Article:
The first time Michael Crane, a homebrewer who since helped found Crane Brewing in Kansas City, collected yeast in the wild, he started by setting a large bucket under a friend’s pear tree. The culture he discovered fermented beer that tasted like a saison. When Christian DeBenedetti went looking for a wild strain that might become the house yeast for Wolves and People Farmhouse Brewery in Oregon, he started with what he found on a plum from perhaps the oldest tree on the farm where the brewery is located. The yeast turned out to be well suited for producing saisons.
Across the country, Jasper Akerboom harvested wild yeast from five sites in Virginia and one in New York. Akerboom oversees quality control at Lost Rhino Brewing and is a partner in Bright Yeast Labs. He estimates that he has isolated about 100 strains and that they all share what he describes as “outspoken character,” what others might call “saison-like.” “I have not found anything that is really mild,” he says. Instead, the strains tend to be “wild,” estery, and often need to ferment at higher temperatures. Most of them do not flocculate very well.
Notice something similar? American brewers interested in making beers that fit under the rather broad umbrella of saison don’t necessarily need to look toward Wallonia. The answer may be in their own backyards. But just to be clear, this is not to suggest that somebody will discover the long-lost twin for Saison Dupont yeast floating in the northern Montana air any time soon. Nor does it imply wrangling a strain suitable to brew with is as easy as finding one that will ferment wort.
There are several questions brewers need to ask first.
What is wild yeast?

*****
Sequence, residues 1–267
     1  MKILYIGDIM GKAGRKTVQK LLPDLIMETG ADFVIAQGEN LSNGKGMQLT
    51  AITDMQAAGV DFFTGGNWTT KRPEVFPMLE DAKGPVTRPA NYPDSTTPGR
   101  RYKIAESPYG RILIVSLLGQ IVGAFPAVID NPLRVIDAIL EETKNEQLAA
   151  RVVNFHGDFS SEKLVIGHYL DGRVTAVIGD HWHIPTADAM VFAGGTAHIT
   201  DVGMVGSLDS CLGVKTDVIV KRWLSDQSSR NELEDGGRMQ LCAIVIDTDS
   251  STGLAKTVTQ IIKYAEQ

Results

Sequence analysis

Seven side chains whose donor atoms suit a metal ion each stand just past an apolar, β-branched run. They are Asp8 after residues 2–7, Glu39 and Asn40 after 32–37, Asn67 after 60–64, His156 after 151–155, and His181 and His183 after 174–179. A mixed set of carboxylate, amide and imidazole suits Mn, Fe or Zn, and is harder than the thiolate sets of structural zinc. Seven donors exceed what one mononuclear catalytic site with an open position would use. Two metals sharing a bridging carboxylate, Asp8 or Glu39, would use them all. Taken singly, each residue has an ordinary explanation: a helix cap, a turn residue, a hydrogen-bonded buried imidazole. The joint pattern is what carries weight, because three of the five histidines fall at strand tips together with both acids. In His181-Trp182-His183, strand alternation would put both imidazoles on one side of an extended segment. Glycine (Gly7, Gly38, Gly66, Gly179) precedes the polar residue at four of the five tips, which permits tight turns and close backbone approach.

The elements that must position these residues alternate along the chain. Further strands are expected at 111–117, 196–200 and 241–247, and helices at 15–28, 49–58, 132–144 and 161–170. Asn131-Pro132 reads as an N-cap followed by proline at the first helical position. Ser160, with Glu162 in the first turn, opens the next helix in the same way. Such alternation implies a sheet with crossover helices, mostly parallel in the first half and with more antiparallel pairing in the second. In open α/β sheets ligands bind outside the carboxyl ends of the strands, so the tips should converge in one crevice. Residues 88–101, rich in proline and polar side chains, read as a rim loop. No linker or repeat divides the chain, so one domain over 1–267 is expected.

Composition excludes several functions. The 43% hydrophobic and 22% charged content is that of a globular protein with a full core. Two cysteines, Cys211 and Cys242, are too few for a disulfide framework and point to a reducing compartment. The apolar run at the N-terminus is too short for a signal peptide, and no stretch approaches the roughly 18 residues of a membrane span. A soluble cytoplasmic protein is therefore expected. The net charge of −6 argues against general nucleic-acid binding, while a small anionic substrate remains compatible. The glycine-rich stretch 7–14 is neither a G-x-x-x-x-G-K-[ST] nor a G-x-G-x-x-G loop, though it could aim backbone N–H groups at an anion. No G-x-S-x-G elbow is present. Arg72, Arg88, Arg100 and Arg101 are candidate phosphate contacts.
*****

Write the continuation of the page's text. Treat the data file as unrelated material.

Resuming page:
Quite often when brewers, and their fans, talk about “wild yeast,” they mean a mixed culture that also contains Brettanomyces and bacteria such as Pediococus and Lactobacillus. However, that isn’t the wild yeast we’re talking about here. The most straightforward definition of what we mean by wild yeast comes from Jeff Mello, who operates Bootleg Biology and launched the Local Yeast Project in 2014 with a goal to collect a culture from all 43,000 ZIP codes. Mello says wild is “a culture that has never been part of an intentional fermentation. As soon as you do that, then to me, while you may not have changed the genetics, you have selected a strain and excluded others. You are in the process of domesticating it.”
Thus, a single “pure” Saccharomyces cerevisiae (ale yeast) collected in the wild can produce the “wild” saison character Akerboom is talking about. One reason is that any yeast collected in the wild will be phenolic off-flavor positive (POF+). “I have no doubt [about that],” says Karen Fortmann, senior research scientist at White Labs. Those phenolics are not appropriate in most beers but contribute the spicy, sometimes clovy, character found in strains used to brew German Weiss beers and many Belgian beers. They are essential in saison.
How do you collect wild yeast?
Mello’s Backyard Yeast Wrangling Tool Kit is sold in the CBB&B online store and at homebrew shops across the country, but he also provides instructions for collecting wild yeast at the Bootleg Biology website. What Crane did illustrates how simple it can be. He sanitized a large bucket, added about a quart of water, covered the bucket with a paint strainer and set it under the pear tree. He added what found its way into the bucket to low-gravity wort, attached an airlock to the beaker, and waited. Within two days it was bubbling. Inside of a week there was a thin layer of yeast on the bottom, gravity had dropped to 1.010, and he knew he had something that would metabolize wort into alcohol. He chilled the beaker, decanted the liquid, and added fresh wort. He did this repeatedly for more than a month, until the slurry was thick enough to ferment 5 gallons (19 liters) of wort into beer.
An adventurous brewer may choose to isolate a single colony. Mello has information about how to create agar plates, streak the plates, and pick a single colony, as do Chris White and Jamil Zainasheff in Yeast: The Practical Guide to Beer Fermentation. It isn’t hard, but they include a warning to be taken seriously. “Use caution when tasting any native fermentation, especially if it does not smell like beer,” White and Zainasheff write. “You might want to avoid tasting any spontaneous fermentation, waiting until you have isolated the yeast and grown up a pure culture from it.”